You will have seen the press about the low take up of the RN Apprenticeship – the hoped for partial solution to RN shortages and a way to widen participation in nursing
There were only 30 starts up to the end of January this year which is in sharp contrast to Public Health England’s hoped for target of 2400.
This was discussed at the Commons education committee and reassuringly the discussions focussed on the practicalities and financial challenges – the quality of the programme and philosophy at the heart of it is not in question. Here are some of the challenges that need to be addressed:
- Cost: The RN Apprentice is governed by NMC regulation and is therefore supernumerary. It is the only supernumerary Degree level Apprenticeship – not just in health, but across all Apprenticeships. The problems with this include:
- employers pay the levy or contribute 10 % toward the cost of the Degree: this cost is new the Degree used to be funded through the Govt Bursary.
- employers now pay a salary to the RN Apprentice: Student Nurses previously had no salary. Possible solution – let us use the levy to pay the salary – the supernumerary nature of this Apprentice is unique, so let’s have a similarly unique approach to solving problems of cost.
- mentorship/supervision/assessment: this was always a cost but the “on programme” aspect of Apprenticeships increases the proportion of experiential, work based learning which is academically sound, but costly for the employer. The funding models of the mentors role have changed too – are you asking your HEI for payment for the assessment and experiential learning you deliver? ESFA funding rules permit this (with conditions)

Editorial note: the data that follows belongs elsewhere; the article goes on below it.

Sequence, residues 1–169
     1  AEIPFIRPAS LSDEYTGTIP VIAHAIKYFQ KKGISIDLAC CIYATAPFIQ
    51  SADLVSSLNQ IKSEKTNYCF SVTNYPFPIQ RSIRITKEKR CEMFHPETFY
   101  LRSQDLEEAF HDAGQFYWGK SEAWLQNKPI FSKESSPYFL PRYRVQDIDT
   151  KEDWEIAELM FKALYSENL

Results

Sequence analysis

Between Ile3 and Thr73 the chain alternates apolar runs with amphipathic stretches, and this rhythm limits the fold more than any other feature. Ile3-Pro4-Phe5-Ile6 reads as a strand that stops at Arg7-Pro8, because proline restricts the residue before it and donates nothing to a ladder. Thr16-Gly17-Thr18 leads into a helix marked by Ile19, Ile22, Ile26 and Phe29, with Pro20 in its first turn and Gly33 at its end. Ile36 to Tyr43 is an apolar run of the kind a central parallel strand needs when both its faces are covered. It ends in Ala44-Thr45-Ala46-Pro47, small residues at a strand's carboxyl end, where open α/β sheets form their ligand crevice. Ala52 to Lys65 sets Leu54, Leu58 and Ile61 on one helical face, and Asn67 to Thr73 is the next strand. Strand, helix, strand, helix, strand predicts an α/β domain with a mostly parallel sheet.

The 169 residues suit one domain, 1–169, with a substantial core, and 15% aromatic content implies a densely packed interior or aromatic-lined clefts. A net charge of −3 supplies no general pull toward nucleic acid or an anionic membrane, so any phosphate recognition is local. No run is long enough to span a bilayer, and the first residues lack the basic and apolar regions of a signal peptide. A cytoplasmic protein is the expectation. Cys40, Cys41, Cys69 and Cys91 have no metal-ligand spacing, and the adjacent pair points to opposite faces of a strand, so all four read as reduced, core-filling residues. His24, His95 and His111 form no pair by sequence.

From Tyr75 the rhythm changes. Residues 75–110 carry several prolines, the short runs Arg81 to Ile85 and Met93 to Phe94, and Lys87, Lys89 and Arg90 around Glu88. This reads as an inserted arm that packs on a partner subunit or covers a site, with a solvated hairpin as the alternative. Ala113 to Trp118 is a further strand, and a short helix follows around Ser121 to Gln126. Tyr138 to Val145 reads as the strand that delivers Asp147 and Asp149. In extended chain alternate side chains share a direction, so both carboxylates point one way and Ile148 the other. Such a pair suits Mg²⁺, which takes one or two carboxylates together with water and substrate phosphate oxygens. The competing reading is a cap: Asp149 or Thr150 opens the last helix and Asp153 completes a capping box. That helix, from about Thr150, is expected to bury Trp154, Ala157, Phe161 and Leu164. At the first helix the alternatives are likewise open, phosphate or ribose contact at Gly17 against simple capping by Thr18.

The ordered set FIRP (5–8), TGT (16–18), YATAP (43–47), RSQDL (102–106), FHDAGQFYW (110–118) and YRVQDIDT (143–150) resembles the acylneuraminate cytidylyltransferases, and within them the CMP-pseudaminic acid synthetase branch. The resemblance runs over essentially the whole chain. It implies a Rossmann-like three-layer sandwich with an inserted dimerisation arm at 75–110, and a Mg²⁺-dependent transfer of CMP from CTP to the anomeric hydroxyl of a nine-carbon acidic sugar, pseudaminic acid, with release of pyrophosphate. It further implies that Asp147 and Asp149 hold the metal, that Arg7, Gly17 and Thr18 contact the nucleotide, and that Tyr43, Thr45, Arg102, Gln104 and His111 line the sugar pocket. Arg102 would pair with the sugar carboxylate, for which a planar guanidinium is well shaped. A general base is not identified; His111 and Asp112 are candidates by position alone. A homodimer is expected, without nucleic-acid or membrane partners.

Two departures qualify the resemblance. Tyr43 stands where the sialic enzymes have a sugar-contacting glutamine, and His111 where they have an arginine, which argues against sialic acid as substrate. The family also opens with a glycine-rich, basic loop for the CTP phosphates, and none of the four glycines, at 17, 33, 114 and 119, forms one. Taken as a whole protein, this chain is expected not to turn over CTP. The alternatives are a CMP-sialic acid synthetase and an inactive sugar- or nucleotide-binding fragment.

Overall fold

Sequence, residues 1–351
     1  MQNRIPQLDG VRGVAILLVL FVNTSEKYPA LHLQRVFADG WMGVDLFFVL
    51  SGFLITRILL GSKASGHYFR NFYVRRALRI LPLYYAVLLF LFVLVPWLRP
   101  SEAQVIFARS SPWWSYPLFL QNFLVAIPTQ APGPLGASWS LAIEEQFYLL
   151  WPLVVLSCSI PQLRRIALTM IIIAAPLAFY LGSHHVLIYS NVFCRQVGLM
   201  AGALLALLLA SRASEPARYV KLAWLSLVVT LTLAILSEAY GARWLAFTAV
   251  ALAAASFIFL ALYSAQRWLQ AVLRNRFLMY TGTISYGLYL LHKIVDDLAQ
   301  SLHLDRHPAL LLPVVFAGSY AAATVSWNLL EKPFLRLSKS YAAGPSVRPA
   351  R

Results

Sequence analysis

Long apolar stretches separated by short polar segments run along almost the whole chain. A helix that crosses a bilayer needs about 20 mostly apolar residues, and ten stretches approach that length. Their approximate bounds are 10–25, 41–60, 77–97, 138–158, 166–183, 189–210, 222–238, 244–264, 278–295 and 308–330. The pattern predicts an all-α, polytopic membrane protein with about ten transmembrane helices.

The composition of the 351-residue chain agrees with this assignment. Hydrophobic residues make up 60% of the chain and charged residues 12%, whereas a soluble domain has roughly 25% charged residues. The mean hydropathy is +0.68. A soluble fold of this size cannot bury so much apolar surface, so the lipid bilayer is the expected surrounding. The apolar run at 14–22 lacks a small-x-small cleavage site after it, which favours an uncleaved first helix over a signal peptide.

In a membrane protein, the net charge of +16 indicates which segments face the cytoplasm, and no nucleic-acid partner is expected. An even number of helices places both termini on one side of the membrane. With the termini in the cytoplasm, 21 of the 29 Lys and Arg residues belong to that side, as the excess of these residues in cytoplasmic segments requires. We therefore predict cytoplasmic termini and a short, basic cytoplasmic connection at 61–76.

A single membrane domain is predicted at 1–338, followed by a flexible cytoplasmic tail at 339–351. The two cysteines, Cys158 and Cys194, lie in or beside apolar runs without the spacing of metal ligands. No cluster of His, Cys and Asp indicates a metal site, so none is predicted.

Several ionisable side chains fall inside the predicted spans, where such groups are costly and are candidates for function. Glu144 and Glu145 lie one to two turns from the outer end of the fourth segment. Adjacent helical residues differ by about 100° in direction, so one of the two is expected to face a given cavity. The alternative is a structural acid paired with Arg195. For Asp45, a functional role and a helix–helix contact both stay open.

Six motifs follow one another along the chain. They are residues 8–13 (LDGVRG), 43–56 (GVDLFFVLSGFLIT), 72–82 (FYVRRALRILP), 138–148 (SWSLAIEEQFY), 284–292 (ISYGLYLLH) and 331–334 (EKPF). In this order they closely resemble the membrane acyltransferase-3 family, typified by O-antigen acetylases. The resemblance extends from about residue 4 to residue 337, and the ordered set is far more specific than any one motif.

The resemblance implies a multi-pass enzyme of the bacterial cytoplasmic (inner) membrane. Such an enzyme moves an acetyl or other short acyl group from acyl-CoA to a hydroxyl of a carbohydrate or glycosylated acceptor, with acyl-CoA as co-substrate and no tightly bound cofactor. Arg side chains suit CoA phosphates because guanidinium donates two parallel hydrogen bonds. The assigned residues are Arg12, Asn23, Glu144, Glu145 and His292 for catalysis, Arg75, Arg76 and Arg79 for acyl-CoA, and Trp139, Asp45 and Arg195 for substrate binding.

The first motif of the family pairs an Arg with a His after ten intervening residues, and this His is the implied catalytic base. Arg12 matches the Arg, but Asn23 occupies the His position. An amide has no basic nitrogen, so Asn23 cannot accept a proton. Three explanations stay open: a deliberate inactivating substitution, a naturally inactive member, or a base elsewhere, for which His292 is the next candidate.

- HEIs readiness to deliver: Many HEIs are now on board but their normal focus is for starts in September – starts in January were never going to be huge. Development of the HEI Apprenticeship approaches and the flexibility required – for example offering part time Degrees takes a while.
- The preference for the Nursing Associate Apprenticeship: This is big business and may be seen as a starting point for progression to the RN or may simply be the beginning of a change to our staffing structures. Do organisations want to see this Band 4 role increase and will that reduce the number of Band 5 RNs organisations require? I wonder if a huge factor in this is the fact that NA Apprentices are not yet NMC regulated and therefore not yet supernumerary – they count in the staffing numbers apart from when they are on their 20% off job training, be that experiential or theory based. There is a rush to start NAs – the discussions suggest NMC are likely to make this Apprenticeship supernumerary once regulated: starting NAs before this regulation starts means this is avoided. Maybe many of these NA Apprentices are the future RN Apprentices and accessing the RN by doing the NA first is a way of reducing the supernumerary challenge.
The levy is currently costing the NHS £200 million a year – surely it is not rocket science to see the impact this new expense combined with the need to pay Apprentice RNs a salary would have on the uptake of RN Apprenticeships. It will be interesting to watch this evolve.